WESTLAKE – Two years ago Debby Nabours’ life was turned upside down.
“My husband walked out on May 1, 2016, to pursue a different life,” she said. “We had been married for 45 years. We have three children and 13 grandchildren.”
Nabours shared her story with attendees of the quarterly Empowering Women’s Luncheon, sponsored by the West Calcasieu Chamber of Commerce, held Thursday at the Isle of Capri, in a presentation she entitled “Slaying the Giants in Your Life.” She is currently the Foundation and Public Relations Director for the West Calcasieu Cameron Hospital, where she has worked nearly 22 years. She graduated fourth in her class at McNeese in 1974 with a BA in Education.
After the birth of her children, she worked as a teacher in the private school sector.
Nabours was no stranger to sorrow. When she was two, her family’s home in Alexandria burned down. When she was four, an eye condition left her partially blind in her left eye. She lost her mother when she was 28 and 11 years later her father died.
“But this was the biggest challenge of my life,” she said. “My first response was ‘this can’t happen to me. I’m a born-again Christian.’”
Nabours said no one knew of the upheaval in her home for six months. “I went to work every day,” she said. “I had talked to a counselor who said to get up in the morning and brush your teeth, get in your car and go to work every day and then come home. Do it one step at a time.”
Nabours admits to anger, bitterness, calling people bad names and breaking things of value to her. She said she had about a year-and-a-half of really bad times.
She realized she had to pull herself together after she was asked not to attend a planned family vacation with grandchildren, for fear she wouldn’t be able to hold her emotions in. Instead, she went on a trip with her sister and further immersed herself in scripture.
She found particular comfort in one particular book. “I read the Book of Psalms three times in 2016. That is the Book of Light. It is the Book of Comfort,” she said. Slowly, her perspective began to change. “I had prayed that this would all go away. I had prayed that my marriage would be healed,” she said. “But it just wasn’t happening. So, instead of asking why I started asking what.”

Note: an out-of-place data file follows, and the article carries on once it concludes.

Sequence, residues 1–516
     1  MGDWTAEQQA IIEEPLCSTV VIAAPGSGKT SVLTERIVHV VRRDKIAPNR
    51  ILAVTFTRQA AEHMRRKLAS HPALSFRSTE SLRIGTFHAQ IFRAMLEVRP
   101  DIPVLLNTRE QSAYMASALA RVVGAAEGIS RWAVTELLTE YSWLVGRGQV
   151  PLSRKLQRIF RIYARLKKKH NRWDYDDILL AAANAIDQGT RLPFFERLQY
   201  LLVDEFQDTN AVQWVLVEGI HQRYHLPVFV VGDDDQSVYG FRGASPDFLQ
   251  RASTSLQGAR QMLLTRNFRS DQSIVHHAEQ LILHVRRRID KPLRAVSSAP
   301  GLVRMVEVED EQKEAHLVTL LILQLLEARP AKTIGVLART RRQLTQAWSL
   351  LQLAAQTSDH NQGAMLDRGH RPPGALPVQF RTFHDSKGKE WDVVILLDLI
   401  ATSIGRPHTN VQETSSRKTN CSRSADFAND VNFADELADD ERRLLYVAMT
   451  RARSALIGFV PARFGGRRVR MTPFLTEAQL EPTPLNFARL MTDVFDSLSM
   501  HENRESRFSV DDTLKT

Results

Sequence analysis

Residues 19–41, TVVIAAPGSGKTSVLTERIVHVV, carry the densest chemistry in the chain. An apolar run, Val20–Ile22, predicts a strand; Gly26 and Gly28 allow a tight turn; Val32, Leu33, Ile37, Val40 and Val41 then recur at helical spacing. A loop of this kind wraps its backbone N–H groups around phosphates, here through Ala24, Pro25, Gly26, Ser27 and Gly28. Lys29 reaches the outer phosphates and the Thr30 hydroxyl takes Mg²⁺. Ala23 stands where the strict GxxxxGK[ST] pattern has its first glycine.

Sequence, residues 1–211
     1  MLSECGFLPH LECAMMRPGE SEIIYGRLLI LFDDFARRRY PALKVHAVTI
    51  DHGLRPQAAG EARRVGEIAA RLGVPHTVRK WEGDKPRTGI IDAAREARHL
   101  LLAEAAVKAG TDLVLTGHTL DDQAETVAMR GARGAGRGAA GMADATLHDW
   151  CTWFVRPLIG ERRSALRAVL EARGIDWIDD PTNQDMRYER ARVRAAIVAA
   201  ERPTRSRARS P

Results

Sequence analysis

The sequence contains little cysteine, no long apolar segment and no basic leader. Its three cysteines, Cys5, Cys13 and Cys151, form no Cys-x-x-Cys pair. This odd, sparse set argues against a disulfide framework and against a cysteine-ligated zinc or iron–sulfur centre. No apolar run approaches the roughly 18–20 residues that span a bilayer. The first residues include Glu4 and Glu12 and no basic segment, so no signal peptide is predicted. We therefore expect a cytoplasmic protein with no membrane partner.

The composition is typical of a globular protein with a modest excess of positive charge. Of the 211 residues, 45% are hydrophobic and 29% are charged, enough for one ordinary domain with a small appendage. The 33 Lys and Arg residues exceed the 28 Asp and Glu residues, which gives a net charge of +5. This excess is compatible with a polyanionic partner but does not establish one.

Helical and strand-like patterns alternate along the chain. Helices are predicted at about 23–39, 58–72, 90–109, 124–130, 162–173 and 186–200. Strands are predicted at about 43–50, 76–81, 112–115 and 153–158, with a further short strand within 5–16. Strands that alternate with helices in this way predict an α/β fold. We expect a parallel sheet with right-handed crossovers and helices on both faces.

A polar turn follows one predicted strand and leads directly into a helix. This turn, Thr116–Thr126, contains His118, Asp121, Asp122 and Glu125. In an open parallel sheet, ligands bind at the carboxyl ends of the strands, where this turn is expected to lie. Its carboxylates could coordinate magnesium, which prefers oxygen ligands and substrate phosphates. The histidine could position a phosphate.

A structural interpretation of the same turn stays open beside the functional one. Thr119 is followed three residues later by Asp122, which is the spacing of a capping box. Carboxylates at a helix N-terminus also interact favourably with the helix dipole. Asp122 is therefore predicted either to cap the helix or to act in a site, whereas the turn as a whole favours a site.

Nabours said she began asking God what He wanted her to do. “God gradually brought me the tools that helped to slay the giants that were attacking me — the anger, the bitterness, the pride,” she said. “I stopped focusing on what other people were doing to me and I started focusing on my relationship with God. When you do that, you’re less likely to find people as guilty or at fault because you begin to see yourself through the filter of God’s eyes.”
Nabours said God revealed the pride, idolatry and contentiousness in her heart. “I was able to start praying for the people really hurting me,” she said.
Nabours’ journey was made easier with the support of her children and their spouses. “They told me things that I didn’t want to hear,” she said. She also met others who had experienced divorce. “I had never thought of the pain of divorce before,” she said. “Now I see it in a different way, and I’m able to minister to others.”
Nabours stressed the importance of maintaining an “attitude of gratitude.” She said we often forget to be thankful, not just for the good things, but also the trials we face, because all of it is necessary to grow.
Over the past two years, Nabours said she wondered whether or not she would experience a sincere smile again. She said on February 22 of this year, she was walking down a hall at work and something she was thinking about brought a smile to her face.